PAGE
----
Deputy Labor leader Tanya Plibersek says the opposition won't stop questioning Deputy Prime Minister Barnaby Joyce over a series of jobs for his partner.
Labor will continue to pursue Barnaby Joyce over what special treatment may have been afforded his now-pregnant partner - but insists it doesn't want to cause any more distress to the deputy prime minister's family.
The government maintains there was nothing untoward about the jobs Vikki Campion held in National Party MPs' offices after she entered a relationship with Mr Joyce.
Deputy Labor leader Tanya Plibersek said the opposition would continue to ask questions about the use of taxpayer funds, after it was revealed Mr Joyce began an affair with Ms Campion while she worked for him.
Ms Campion, a former journalist, was initially a media advisor in the deputy prime minister's office before working for cabinet minister Matt Canavan.
When Senator Canavan stepped down from the front bench awaiting a High Court ruling on his citizenship status, she shifted to the office of then-Nationals whip Damian Drum.
"Was this job necessary? Was there work to be done at this skill level? What was the case made for having to hire someone additional into those offices?" Ms Plibersek asked on ABC TV.
She said it would be fine to transfer someone internally if they had the right skills but normally there would also be a process where other candidates could apply for a position.
"It might be that there is no case to answer here, but I think the deputy prime minister and the prime minister should be prepared to answer questions about taxpayer money."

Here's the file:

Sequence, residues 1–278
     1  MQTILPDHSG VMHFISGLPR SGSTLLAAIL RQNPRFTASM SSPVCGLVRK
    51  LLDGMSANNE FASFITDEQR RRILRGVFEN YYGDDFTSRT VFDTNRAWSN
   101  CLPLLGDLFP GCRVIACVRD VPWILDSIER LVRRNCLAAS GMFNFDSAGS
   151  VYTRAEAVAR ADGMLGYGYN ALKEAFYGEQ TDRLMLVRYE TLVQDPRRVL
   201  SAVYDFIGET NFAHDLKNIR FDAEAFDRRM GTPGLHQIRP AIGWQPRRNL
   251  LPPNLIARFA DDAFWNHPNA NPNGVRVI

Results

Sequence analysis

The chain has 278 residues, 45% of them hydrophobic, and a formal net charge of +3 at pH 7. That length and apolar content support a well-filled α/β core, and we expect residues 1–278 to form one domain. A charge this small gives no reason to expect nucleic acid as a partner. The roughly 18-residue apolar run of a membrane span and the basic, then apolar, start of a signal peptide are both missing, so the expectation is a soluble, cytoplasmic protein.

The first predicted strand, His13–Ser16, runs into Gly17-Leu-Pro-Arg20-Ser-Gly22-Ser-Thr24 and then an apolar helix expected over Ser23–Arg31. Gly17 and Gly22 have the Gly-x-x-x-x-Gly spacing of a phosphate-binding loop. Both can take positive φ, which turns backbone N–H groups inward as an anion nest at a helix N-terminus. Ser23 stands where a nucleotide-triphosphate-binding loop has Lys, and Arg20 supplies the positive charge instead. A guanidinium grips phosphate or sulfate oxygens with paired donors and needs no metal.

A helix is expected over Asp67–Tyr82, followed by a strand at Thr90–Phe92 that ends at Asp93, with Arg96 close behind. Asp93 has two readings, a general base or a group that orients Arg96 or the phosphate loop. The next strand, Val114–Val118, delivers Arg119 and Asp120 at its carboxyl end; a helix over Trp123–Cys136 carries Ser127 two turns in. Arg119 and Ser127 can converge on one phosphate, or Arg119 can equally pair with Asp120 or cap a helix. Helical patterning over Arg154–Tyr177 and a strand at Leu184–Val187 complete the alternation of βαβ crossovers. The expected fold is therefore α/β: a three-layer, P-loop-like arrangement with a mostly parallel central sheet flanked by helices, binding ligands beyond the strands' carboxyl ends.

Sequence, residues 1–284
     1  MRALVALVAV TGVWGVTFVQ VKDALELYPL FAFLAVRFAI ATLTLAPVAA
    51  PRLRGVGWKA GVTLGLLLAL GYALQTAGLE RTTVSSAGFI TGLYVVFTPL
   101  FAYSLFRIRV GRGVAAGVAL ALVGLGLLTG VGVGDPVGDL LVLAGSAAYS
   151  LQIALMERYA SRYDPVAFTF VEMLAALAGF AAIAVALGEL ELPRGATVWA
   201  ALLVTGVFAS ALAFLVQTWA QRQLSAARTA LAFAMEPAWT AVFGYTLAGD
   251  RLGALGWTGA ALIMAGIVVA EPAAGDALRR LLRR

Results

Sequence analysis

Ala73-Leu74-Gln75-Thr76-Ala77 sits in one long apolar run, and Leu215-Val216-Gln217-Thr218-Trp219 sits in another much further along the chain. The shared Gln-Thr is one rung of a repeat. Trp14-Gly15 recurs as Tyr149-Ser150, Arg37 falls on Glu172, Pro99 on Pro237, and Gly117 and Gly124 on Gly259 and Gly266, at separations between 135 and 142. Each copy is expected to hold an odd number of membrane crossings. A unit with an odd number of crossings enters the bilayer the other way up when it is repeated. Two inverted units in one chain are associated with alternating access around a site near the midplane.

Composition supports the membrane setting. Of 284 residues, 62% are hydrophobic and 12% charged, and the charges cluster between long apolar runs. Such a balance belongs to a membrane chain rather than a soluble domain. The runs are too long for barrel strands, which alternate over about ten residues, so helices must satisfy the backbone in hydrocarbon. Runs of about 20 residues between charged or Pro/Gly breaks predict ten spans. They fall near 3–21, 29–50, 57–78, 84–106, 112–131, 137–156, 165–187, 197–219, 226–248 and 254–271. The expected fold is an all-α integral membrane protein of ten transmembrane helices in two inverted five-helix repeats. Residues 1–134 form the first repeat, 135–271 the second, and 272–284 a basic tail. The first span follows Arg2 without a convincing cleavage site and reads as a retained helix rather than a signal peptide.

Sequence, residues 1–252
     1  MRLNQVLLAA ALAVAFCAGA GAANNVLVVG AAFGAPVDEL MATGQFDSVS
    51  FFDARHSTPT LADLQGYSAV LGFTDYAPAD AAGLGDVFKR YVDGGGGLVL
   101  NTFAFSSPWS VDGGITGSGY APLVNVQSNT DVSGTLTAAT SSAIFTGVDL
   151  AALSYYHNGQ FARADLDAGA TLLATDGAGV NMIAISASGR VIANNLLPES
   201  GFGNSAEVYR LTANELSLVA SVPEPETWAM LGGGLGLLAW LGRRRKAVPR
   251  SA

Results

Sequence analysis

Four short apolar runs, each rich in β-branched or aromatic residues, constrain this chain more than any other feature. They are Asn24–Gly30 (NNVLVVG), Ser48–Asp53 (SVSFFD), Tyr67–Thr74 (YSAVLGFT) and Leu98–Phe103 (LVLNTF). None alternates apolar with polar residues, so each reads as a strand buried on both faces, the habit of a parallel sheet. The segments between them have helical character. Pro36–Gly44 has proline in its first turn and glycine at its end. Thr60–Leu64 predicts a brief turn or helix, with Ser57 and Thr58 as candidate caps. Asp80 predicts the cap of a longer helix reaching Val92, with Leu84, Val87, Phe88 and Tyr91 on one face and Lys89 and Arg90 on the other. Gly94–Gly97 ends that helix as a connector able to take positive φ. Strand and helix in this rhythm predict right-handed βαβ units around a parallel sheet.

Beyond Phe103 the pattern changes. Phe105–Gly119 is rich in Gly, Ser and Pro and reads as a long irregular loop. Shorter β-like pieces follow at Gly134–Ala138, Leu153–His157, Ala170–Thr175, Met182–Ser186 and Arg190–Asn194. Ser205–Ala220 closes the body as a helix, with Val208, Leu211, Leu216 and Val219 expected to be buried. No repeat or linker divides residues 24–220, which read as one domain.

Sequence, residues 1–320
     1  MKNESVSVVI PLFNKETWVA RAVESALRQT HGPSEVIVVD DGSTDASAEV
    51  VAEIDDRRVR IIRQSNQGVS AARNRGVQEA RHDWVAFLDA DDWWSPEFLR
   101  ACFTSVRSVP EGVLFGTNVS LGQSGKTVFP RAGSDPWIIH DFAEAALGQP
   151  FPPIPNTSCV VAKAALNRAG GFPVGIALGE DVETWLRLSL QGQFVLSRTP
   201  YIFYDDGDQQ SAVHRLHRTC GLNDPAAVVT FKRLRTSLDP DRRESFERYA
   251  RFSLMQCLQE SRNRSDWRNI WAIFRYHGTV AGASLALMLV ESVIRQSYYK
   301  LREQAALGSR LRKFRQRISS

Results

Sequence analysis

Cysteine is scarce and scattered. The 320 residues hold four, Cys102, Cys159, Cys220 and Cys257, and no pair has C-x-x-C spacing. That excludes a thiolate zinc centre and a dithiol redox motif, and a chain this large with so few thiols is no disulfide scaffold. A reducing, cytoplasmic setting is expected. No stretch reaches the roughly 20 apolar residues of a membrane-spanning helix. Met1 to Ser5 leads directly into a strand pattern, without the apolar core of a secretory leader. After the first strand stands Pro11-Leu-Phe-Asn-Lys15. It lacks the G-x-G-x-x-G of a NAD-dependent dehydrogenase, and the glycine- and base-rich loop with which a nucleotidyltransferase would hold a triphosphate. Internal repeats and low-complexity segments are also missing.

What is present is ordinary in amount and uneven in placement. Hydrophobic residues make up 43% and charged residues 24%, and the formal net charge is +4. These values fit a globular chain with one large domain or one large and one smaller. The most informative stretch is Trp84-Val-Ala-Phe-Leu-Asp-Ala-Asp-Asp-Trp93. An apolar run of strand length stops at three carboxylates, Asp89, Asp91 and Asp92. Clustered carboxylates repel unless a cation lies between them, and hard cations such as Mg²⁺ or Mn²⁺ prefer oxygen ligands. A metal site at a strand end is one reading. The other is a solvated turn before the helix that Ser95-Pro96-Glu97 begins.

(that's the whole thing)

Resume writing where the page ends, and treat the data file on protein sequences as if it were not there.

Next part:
Media reports have suggested Prime Minister Malcolm Turnbull was involved in approving the two appointments.
But Mr Joyce told AAP in a statement the Nationals were responsible for all staffing for the party's MPs.
He had had not discussed Ms Campion's employment with Mr Turnbull or his staff, although the prime minister's office has an administrative role in informing the Department of Finance of changes, he said.
And Finance Minister Mathias Cormann, whose department oversees the hiring of political staff, says everything was done appropriately.
"She's clearly somebody who is qualified to do the job and she was hired in certain positions based on merit and there's nothing really further to add," he told Sky News on Sunday.
"All of my advice is that everything was absolutely above board."
Veteran Liberal senator Eric Abetz said it was an "untidy situation" but Ms Campion was a "highly valuable staff member" who would be an asset in anyone's office.
Mr Turnbull has said he was not aware of any inappropriate spending of public funds relating to the affair.